Amendments to Australia's national curriculum could soon educate students about the experiences of First Nations people when the First Fleet arrived.
Many have been taught about settlers coming to Australia back in the 1700s and also about Aboriginal and Torres Strait Islander people before colonisation.
However, the Australian Curriculum, Assessment and Reporting Authority (ACARA) believes there needs to be more 'truth-telling' in what happened in the years after.
ACARA has proposed a new teaching guideline that would see children in Year 4 learn how First Nations people believed they were being invaded by European colonisers.
The current curriculum simply states First Nations people had a strong connection to their land and place. The updated teachings will explain how the occupation and colonisation of Australia 'were experienced by First Nations Australians as an invasion that denied their occupation of, and connection to, country/place'.
Then in Year 9, students would be educated on the differing historical perspectives of Australia's history and debate terms like colonisation, settlement and invasion.
ACARA Chief Executive, David de Carvalho, said the proposed learnings would allow students in both primary and high school learn about the different ways Australia's history is perceived.
"Aboriginal and Torres Strait Islander Peoples' experiences and perspectives are part of Australia's past and present reality, but they do not invalidate other perspectives and experiences," he said in a statement, via the Sydney Morning Herald.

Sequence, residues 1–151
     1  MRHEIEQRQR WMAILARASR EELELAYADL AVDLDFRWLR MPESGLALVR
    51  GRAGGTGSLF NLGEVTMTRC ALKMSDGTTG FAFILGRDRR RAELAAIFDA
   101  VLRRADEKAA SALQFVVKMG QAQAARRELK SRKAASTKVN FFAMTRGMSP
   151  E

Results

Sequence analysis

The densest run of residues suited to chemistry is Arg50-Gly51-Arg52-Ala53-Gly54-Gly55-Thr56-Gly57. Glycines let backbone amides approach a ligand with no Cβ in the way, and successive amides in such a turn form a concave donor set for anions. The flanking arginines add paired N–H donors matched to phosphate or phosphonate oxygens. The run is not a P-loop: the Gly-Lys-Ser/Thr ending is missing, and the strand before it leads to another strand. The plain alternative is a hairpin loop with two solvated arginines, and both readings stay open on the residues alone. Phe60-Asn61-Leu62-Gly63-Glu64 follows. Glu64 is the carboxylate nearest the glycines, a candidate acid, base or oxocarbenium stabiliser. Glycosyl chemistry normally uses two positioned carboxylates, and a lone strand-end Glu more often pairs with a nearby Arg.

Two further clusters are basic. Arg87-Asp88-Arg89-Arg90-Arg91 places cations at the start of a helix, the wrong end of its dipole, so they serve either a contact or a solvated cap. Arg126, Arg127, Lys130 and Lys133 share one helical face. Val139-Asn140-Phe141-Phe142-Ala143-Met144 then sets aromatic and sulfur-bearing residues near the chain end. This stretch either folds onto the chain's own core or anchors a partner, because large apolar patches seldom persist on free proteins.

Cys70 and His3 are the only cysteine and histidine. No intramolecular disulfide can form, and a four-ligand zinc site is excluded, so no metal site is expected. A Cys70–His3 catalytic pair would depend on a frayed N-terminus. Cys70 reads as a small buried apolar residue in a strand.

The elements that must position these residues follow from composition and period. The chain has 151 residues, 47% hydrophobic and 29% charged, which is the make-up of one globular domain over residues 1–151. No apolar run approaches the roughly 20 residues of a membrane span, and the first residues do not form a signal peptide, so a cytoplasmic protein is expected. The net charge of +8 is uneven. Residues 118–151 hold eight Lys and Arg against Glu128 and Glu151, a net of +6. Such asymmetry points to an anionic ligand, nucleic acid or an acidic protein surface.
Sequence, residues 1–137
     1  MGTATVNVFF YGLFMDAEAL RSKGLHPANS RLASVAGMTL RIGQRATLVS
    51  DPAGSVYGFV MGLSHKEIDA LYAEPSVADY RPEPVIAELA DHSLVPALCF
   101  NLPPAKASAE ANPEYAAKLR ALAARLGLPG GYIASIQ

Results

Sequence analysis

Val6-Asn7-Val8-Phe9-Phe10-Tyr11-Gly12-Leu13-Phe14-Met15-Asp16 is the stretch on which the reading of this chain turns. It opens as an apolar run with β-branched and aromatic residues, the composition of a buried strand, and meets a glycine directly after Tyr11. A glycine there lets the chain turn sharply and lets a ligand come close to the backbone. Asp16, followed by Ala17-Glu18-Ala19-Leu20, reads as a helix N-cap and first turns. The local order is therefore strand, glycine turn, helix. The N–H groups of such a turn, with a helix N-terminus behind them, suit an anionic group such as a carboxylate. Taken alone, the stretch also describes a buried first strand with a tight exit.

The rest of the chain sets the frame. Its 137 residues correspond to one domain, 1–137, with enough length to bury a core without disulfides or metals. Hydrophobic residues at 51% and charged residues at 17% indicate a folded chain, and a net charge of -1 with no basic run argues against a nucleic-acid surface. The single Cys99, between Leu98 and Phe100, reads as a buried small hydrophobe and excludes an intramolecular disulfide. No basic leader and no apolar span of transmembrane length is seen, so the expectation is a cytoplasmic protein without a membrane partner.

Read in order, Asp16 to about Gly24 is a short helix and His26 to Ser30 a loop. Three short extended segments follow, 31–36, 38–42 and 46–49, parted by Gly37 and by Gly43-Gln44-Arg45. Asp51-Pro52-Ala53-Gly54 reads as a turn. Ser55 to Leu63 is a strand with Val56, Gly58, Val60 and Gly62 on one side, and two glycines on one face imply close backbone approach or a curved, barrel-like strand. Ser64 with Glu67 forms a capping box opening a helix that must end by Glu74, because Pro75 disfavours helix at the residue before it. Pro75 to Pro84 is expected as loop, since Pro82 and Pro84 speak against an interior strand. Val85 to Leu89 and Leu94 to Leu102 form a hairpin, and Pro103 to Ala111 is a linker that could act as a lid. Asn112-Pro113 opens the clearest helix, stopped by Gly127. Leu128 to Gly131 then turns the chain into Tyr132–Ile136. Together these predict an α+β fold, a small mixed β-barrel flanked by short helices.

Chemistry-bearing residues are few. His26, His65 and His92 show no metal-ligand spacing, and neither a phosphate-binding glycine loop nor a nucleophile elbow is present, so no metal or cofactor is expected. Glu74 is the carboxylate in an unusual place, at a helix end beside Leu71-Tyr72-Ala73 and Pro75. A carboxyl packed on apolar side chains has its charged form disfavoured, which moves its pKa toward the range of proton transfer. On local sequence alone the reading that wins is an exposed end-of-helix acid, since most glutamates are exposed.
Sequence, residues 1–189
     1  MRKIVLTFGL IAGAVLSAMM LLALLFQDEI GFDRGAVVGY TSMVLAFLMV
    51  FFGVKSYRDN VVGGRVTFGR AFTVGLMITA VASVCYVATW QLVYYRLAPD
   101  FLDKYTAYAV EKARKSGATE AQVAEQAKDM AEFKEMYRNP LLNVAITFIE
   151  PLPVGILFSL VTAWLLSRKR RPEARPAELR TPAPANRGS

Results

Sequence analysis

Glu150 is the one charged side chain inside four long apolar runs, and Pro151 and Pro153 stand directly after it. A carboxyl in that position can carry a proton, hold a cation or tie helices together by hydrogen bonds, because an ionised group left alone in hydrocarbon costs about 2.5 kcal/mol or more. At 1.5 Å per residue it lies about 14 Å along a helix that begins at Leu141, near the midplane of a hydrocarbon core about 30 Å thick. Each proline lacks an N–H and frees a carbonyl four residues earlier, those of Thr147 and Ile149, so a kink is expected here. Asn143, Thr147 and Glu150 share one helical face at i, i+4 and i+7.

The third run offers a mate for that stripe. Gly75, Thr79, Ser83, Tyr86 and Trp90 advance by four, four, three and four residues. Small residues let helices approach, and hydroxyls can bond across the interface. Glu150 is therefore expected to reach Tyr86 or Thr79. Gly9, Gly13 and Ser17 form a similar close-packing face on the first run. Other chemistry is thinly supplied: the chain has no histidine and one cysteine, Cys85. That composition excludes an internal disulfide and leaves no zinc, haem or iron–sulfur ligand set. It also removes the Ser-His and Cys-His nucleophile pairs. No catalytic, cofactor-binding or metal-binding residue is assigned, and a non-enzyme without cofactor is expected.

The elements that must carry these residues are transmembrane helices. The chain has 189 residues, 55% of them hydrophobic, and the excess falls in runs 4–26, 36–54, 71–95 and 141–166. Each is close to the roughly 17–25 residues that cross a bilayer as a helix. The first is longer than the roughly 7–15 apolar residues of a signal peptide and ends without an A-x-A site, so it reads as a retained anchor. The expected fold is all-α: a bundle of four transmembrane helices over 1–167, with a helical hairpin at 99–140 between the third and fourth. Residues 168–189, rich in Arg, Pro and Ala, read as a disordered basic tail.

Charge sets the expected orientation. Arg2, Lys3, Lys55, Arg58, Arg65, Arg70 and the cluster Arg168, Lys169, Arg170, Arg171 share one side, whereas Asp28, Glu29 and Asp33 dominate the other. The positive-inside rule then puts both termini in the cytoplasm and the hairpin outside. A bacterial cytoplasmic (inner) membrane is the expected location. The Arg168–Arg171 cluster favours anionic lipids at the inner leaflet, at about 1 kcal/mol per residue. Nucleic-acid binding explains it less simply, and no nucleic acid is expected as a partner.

"'Perspectives' and 'interpretation' are core concepts in the study of history, used to identify the essential content students should learn."
Mark Rose, Chair of the indigenous advisory committee at ACARA, believes it will help kids form an understanding of how to 'face a world with multiple world views'.
He insists it's not an attempt to be 'politically correct' or to 'pander to a minority', but it's simply an avenue to explain how First Nations people believe the European arrival was an invasion.
"Some people will find it may be controversial, but if you peel back our society, there are four faces of this nation. We have a colonial past, which is significant and should be in the curriculum," he said.
"We are part of Asia. We are one of the world's most multicultural nations. And we house the world's longest-living continuous culture. If those four faces are not represented, we are doing our kids a disservice."
The updated curriculum would also teach kids that Australia has two First Nations Peoples: Aboriginal people and Torres Strait Islander people.
They will learn the former occupied Australia for more than 60,000 years, while the latter occupied their region for 4,000 years.
Children as young as Year 4 would learn about how First Nations people suffered when colonisers took their land.
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Featured Image Credit: Mitchell Library, State Library of New South Wales
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